“Until shortly after 1880, the shore lands of the Mississippi river were grandly beautiful. Other than a small sawmill at the bridge on Plymouth Avenue, there stood virgin timber of many varieties. For a few years after our coming to the northside, each spring many Indians, their squaws and papooses, would travel from the north on the river in canoes and locate their camp at about 14th Avenue North on the river flat there. The many Indians, young and old, their tepees, boiling pots, the furs and beaded leather goods and trinkets they had brought to trade or sell was an interesting sight. Each evening they would entertain their white visitors with war dances. Made their drums taut by the heat of the campfire, painted their faces in most hideous designs and wore their best and most beautifully patterned and beaded dress. As this time was not long after the most serious of the wars with Indians in this territory, fear of the Indian was in the heart of every child. It can therefore be easily guessed that the sight of these hideously painted, tomahawk-swinging savages, performing at night in the sinister-appearing light given by a few torches, was a scene as exciting as any small boy could wish for.” (Emphasis added.)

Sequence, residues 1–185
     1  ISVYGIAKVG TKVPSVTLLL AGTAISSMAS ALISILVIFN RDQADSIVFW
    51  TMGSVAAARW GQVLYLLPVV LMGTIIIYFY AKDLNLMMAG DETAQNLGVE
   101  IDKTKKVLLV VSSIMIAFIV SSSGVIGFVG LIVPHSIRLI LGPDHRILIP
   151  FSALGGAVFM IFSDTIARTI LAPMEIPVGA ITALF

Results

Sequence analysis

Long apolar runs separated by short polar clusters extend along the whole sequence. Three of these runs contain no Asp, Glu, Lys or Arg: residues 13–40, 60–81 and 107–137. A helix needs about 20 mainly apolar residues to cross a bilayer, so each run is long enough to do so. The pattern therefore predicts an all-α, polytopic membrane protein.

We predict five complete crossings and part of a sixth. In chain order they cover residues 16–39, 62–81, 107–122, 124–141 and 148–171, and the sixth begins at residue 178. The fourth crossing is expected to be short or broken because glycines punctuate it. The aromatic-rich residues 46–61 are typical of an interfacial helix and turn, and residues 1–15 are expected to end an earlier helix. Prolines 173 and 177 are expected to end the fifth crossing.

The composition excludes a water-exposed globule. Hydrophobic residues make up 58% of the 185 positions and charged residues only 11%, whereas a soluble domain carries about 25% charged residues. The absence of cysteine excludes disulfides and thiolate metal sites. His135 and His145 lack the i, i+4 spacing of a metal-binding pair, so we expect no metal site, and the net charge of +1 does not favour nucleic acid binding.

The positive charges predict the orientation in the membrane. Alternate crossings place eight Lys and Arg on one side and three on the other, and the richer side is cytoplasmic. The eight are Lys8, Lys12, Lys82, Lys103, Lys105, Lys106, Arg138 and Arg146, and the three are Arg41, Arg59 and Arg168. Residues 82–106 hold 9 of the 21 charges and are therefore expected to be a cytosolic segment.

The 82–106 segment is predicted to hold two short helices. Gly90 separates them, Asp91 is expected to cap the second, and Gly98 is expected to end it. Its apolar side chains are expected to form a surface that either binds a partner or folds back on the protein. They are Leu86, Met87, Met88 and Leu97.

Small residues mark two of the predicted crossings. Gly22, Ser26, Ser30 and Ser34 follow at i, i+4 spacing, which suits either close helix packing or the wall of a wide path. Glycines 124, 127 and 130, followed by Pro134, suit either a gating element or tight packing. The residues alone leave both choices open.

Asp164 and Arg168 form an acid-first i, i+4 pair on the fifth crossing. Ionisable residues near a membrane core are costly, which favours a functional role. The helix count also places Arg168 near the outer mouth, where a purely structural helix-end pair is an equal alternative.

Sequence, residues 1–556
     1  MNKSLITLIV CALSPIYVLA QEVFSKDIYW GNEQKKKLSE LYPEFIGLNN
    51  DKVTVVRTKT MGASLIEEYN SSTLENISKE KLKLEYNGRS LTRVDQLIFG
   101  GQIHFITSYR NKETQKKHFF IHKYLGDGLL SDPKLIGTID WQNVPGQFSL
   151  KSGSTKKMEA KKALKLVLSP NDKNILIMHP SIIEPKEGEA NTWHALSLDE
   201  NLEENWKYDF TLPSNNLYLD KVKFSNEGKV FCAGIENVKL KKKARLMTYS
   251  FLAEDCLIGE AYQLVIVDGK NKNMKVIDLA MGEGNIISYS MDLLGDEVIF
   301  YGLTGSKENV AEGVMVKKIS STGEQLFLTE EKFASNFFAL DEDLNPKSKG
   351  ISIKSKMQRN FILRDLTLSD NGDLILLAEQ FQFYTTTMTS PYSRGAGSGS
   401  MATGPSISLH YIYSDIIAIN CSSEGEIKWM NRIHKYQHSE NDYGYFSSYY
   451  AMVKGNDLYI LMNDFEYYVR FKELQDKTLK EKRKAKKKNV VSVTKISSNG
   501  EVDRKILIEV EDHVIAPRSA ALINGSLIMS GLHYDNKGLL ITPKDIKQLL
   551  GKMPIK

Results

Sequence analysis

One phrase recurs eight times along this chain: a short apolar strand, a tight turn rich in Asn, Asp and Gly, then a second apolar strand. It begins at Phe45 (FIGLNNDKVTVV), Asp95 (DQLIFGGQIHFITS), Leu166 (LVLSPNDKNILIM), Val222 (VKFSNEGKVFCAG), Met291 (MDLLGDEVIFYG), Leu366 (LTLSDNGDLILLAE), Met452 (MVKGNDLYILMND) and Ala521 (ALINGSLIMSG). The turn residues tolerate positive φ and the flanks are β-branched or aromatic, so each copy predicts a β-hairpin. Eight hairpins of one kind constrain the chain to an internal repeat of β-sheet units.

I wonder if that fear may have been heightened for Gross as a child because he grew up in a community of predominantly German immigrants. In another section of his hand-written autobiography he recalled:

“On the north side until after 1885, it was common to hear German spoken whenever people congregated. The early settlers of the north side were mostly of German birth…When German immigrants came to Minneapolis, very few spoke English, hence it was necessary that they were met on their arrival by an American. Often, my father would meet those immigrant German families with his grocery delivery wagon.”